QUESTIONABLE EXPRESSIONS OF ANNULMENT (cont.)
Question #2: If you will say that it is not annulled, if he said 'it is annulled tomorrow', what is the law?
Do we say that he cannot annul tomorrow, for he affirmed today?
Or, since he did not say that he affirms today, he really means that he annuls today?
Question #3: If you will say that since he affirmed it today, it is as if the vow persists tomorrow, what if he said 'it is affirmed for an hour'?
Is it as if he said 'it is annulled after an hour'?
Or, it is not, for he did not say this explicitly?
Question #4: If we do not consider it as if he said 'it is annulled after an hour', what if he explicitly said so ('it is affirmed for an hour, and then annulled')?
Once he affirmed it, it is affirmed;
Or, since the whole day he can affirm or annul, it is annulled?
Answer (Mishnah): If a woman said 'I am a Nezirah' and her husband said 'also I', he cannot annul her Nezirus;
Question: Why don't we say that he affirmed her Nezirus only for a short time, for the sake of Hatfasah (to make himself a Nazir like her), and later he can annul it if he wants?
Answer #1: This teaches that once he affirms it (even for a short time), it is affirmed.
Rejection (and Answer #2): Saying 'also I' shows that he wants to permanently affirm her Nezirus.
WHEN THE FATHER OR ARUS DIES
(Mishnah): If the father (of a Na'arah Me'orasah) dies, the Arus does not receive authority to annul her vows (by himself);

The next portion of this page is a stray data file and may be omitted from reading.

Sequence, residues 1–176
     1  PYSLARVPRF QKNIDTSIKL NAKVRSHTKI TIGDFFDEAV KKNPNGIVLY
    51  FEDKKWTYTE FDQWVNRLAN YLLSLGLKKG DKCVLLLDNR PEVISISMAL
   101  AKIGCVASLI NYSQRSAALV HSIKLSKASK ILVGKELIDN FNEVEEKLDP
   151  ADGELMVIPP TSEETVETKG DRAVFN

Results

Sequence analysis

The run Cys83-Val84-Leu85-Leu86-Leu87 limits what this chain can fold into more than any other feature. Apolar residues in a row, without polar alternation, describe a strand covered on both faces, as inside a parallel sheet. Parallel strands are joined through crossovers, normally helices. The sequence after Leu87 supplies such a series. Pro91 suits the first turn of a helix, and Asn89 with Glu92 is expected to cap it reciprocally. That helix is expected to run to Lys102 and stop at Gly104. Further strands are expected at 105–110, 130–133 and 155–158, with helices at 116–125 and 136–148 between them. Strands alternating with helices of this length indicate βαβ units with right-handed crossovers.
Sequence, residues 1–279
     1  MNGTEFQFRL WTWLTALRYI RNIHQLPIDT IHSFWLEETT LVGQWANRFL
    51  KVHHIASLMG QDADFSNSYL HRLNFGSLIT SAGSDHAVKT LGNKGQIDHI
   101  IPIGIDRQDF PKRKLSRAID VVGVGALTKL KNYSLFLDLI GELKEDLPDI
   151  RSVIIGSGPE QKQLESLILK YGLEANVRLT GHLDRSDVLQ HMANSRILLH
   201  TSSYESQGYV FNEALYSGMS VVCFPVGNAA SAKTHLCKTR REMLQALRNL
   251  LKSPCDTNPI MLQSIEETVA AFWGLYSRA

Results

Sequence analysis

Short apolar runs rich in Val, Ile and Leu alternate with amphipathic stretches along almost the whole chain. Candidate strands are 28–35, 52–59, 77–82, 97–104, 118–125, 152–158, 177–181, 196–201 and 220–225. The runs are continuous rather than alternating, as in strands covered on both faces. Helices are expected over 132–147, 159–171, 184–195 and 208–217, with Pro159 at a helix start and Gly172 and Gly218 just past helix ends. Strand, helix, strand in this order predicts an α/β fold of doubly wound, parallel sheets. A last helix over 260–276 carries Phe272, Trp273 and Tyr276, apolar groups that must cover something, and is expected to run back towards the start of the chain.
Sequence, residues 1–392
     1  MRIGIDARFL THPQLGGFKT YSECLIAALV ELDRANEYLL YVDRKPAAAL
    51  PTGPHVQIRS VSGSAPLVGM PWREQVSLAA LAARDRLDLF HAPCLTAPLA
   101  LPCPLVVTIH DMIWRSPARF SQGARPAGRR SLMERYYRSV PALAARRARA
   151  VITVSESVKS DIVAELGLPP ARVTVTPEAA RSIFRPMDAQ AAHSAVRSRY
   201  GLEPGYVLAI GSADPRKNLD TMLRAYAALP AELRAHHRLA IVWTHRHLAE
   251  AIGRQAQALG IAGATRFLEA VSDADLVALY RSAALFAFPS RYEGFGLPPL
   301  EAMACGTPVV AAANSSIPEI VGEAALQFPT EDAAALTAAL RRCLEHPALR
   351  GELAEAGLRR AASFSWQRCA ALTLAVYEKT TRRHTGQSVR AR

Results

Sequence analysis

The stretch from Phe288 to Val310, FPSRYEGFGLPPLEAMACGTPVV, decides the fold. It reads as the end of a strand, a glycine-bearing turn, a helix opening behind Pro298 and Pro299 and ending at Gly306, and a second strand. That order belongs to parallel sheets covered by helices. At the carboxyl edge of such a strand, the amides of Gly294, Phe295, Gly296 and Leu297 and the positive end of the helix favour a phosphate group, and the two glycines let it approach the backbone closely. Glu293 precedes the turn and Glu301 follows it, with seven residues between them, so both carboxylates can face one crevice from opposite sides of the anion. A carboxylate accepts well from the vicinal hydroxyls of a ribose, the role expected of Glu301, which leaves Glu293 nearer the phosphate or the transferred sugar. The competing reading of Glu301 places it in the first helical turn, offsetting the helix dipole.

If the Arus dies, the father receives authority to annul her vows (by himself). In this respect, a father has more privileges to annul than a husband does.
Regarding a Bogeres, a husband has more privileges. He can annul her vows, but a father cannot.
(Gemara) Question: Why doesn't the husband get authority to annul after the father dies, just like the father gets after the husband dies?
Answer: (Even if her father died, she is considered) "a Na'arah in her father's house."
(Mishnah): If the husband dies, the father receives authority to annul her vows.
Question: What is the source for this?
Answer (Rabah): "If Hayo Tihyeh (she will be Mekudeshes) to a man, and her vows are on her" equates her vows before her second Kidushin to her vows before her first;
Just like the father can annul vows (by himself) before her first Kidushin, he can also do so (after she was widowed and) before her second Kidushin.
Question: Perhaps this applies only to vows that her husband did not hear!
Answer: Those vows we already know from "when she is a Na'arah, in her father's house."
(Mishnah): Regarding a Bogeres, a husband has more privileges. (He can annul her vows, but a father cannot.)
Question: What is the case?
Suggestion: He was Mekadesh her during Na'arus, and she became a Bogeres.
Rejection: When the father dies, she leaves his Reshus (jurisdiction), but the husband does not get authority to annul her vows alone. The same applies when she becomes a Bogeres!
Answer: Rather, he was Mekadesh her after Bagrus.
Question: We already learned this (in another Mishnah)!
(Mishnah #1): If a Bogeres waited 12 months (during Eirusin, the Arus can annul her vows. Chachamim disagree, but all could agree that mid'Oraisa, he can annul!)
Question: The Mishnah itself is difficult!
If she is a Bogeres, why must she wait 12 months? A Bogeres gets only one month to prepare for Nisu'in!?
Answer: The Mishnah means, a Bogeres or a girl who waited 12 months...
Question (m) is still unanswered. We already learned the case of a Bogeres!
Answer #1: Our Mishnah is primary. Mishnah #1 teaches that (this is not unanimous, for) R. Eliezer and Chachamim argue about this.
Answer #2: Mishnah #1 is primary. Our Mishnah merely shows that sometimes the husband has more authority to annul.